Everything you need to know about Pokemon Go

Mumsnetters are already obsessed with Pokemon Go - and it's only just been released in the UK. Here's what you need to know about this gaming sensation - and how to get it for your child (or, y'know, yourself)

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What is it?

Pokemon Go is a mobile gaming app created by Nintendo - it's free to download and available on phones that run Android or iOS. It uses the phone's GPS function to allow users to become Pokemon trainers, capturing virtual Pokemon via their smartphone, and battle them at 'Gyms'. 

Why's everyone going nuts for it?

Well, it's been years in the making - Pokemon originally launched in 1995, and 21 years later, the franchise is still going strong. The app is the first mobile Pokemon game, and has attracted the attention not only of younger fans, but those who were children when the game originally came out. In short, it's a massive nostalgia trip.

It's also getting people out of the house - you need to travel around to find new Pokemon and collect supplies. So you can get some exercise and catch a Pikachu. Amazing.

How does it work?

The game works by loading information from your phone's GPS system - it tracks your movements in real time, and pulls in information from maps to create a virtual world. It designates local landmarks as 'Poke Stops' on the map, where users can go to collect items, and 'Gyms' where they can go to battle and win badges. The main feature of the game is the ability to capture Pokemon, who appear at random or at predetermined spots that users can walk to when they get an alert on their phone that there's a Pokemon nearby. 

When the Pokemon appears, the game uses the phone's camera to show an 'augmented reality' version of the Pokemon in 'real life' - which has lead to some hilarious photographs surfacing. There's also an optional accessory available to purchase - the Pokemon Go plus - but that's not launching until later this month, and probably not in the UK til later this year.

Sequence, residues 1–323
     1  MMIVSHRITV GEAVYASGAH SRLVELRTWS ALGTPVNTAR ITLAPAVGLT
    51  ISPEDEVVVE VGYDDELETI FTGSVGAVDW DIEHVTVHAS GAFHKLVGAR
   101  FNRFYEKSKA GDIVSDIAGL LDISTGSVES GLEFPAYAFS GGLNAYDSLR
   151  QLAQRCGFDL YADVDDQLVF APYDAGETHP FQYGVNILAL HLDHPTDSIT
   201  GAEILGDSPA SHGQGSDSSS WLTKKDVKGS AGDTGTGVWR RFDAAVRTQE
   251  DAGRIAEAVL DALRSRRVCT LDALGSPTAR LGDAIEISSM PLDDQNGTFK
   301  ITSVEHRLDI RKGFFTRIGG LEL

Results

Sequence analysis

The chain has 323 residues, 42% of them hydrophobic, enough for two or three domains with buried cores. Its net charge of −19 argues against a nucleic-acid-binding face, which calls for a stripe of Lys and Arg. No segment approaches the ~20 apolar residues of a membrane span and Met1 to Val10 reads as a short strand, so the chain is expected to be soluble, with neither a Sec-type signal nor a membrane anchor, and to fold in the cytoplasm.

Is there anything I should be aware of?

There have been reports of people having mishaps while playing the game, by climbing over fences to get into an area where they've seen a Pokemon, for example, or not looking where they're going because they're staring at their phone screen. 

On the technical side of things, the game uses data. Lots of data. If you've only got a limited amount, you might want to close it when you're not using it, though this will mean you won't get the 'location alerts' telling you when a Pokemon is nearby. If you can run it on Wifi that's your best option. There is also the option for In-app purchasing, so if you have a child using it, you might want to ensure this feature is disabled so you don't end up with a huge, very non-virtual phone bill.

In short, if your child has the game, or is begging you to download it, it's worth going over some common sense rules with them. You might feel a bit weird saying 'Don't run into the road chasing Pikachu', but needs must.

Okay, I'm intrigued. How do I get it?

The game's rolling out gradually across the world, having first launched in Japan, the USA and Australia. It's now available in the UK for Apple and Android devices, so you should be able to download it from the corresponding app store, and get hunting Pokemon straight away.

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Last updated: 5 months ago